Primary gastric anaplastic lymphoma kinase-negative anaplastic large-cell lymphoma
Authors Tian C, Zhang Y
Received 14 April 2016
Accepted for publication 8 August 2016
Published 13 September 2016 Volume 2016:9 Pages 5659—5661
Checked for plagiarism Yes
Review by Single anonymous peer review
Peer reviewer comments 4
Editor who approved publication: Professor Min Li
Chen Tian, Yizhuo Zhang
Department of Hematology, Tianjin Medical University Cancer Institute and Hospital, National Clinical Research Center for Cancer, Key Laboratory of Cancer Prevention and Therapy, Tianjin, People’s Republic of China
Introduction: Most primary stomach lymphomas are now recognized to originate from B-cell. Primary gastric anaplastic lymphoma kinase (ALK)-negative anaplastic large-cell lymphoma (ALCL) as shown in this case is very rare.
Case report: A 59-year-old man presented with a 1-month history of epigastric pain. Computed tomography showed a tumor in the stomach with perigastric lymphadenopathy. Biopsy of the tumor with gastroendoscopy showed ALCL. Bone marrow aspiration and trephine biopsy showed no infiltration. A diagnosis of primary gastric ALK-negative ALCL was made. The patient was first treated with four cycles of cyclophosphamide, doxorubicin, vincristine, prednisone (CHOP) regimen, but his condition did not show improvement. Then he was treated with two cycles of hyperfractionated cyclophosphamide, vincristine, doxorubicin, and dexamethasone/methotrexate and cytarabine (Hyper-CVAD/MA) regimen. In spite of these treatments, he still died of disease progression.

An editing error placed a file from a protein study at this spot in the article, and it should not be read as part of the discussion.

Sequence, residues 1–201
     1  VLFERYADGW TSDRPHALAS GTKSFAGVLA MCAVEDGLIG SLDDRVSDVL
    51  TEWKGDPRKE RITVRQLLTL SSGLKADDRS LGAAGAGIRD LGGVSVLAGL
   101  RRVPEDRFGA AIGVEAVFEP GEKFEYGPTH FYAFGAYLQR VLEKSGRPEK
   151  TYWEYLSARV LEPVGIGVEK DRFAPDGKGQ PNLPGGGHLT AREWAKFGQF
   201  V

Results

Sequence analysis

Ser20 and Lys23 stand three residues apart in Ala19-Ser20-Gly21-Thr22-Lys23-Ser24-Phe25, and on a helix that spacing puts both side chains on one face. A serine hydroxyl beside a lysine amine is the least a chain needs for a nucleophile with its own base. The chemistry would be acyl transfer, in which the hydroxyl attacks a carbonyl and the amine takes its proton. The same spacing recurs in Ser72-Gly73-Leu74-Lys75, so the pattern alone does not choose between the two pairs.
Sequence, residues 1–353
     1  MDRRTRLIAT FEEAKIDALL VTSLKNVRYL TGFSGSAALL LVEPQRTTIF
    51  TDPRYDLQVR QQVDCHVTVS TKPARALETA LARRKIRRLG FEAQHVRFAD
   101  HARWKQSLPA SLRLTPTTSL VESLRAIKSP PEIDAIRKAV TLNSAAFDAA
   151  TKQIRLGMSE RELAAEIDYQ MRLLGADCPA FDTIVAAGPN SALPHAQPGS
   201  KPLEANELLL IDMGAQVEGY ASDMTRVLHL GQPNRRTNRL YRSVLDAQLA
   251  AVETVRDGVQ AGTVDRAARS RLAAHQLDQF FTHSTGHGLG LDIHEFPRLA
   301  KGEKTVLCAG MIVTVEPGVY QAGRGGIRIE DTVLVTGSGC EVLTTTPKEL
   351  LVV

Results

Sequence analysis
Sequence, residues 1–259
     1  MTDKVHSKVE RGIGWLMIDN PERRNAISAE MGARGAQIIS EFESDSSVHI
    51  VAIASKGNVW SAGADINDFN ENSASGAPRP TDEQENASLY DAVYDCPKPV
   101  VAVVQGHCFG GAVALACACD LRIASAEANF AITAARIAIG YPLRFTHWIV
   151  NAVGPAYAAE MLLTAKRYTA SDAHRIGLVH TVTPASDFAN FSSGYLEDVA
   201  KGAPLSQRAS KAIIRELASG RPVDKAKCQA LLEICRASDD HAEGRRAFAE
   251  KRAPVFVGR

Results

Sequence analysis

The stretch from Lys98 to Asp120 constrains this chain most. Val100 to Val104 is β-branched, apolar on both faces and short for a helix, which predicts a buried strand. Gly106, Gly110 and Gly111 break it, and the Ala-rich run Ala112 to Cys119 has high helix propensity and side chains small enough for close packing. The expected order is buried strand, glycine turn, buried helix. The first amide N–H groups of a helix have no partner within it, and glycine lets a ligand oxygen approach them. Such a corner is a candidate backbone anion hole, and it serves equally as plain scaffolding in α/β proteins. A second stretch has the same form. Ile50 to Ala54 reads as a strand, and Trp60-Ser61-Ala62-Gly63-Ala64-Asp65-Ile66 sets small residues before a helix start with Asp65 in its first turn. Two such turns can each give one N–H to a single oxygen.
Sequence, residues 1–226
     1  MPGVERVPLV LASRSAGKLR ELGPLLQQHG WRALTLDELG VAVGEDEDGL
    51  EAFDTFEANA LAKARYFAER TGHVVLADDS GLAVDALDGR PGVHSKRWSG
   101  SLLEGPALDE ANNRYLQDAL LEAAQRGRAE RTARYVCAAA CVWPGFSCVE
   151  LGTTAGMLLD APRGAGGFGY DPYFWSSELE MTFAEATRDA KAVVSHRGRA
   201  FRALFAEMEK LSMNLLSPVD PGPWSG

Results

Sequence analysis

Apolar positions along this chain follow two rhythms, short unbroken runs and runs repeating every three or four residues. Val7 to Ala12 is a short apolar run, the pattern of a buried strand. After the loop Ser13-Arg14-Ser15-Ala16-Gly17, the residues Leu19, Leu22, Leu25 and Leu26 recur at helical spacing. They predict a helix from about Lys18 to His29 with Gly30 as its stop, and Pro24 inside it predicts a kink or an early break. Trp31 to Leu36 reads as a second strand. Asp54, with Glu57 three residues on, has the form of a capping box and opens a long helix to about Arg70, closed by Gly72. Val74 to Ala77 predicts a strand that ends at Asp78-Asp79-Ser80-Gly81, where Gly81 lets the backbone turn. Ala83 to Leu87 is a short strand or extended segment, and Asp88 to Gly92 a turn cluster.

Conclusion: The prognosis of ALK-negative ALCLs is usually worse than ALK-positive ALCLs. In this case, the patient was not responsive to a multidrug chemotherapy with CHOP and Hyper-CVAD/MA.
Keywords: ALK-negative ALCL, primary gastric, CHOP, Hyper-CVAD/MA
Primary gastrointestinal lymphomas are observed with a male preponderance, most of which are non-Hodgkin lymphomas, with B-cell dominating over T-cell type. Stomach is the commonest site followed by small intestine, and mucosa-associated lymphoid tissue lymphoma is the most common subtype.1,2 Isolated colonic involvement and intestinal perforations at presentation are not infrequent. A few rare variants such as anaplastic large-cell lymphoma (ALCL) and follicular lymphoma are also observed. ALCL is a rare hematological malignancy and a distinct subtype of mature T-cell lymphomas. ALCL is divided into three subtypes: ALK-positive ALCL, anaplastic lymphoma kinase (ALK)-negative ALCL, and primary cutaneous ALCL. Although presenting with a similar morphological spectrum as ALK-positive ALCL, ALK-negative ALCL (15%–50% of all systemic ALCL cases) is only defined as a provisional entity. In addition, ALK-negative ALCL usually occurs in comparatively older people and carries a poorer prognosis. Here, we report a rare case of primary gastric ALK-negative ALCL.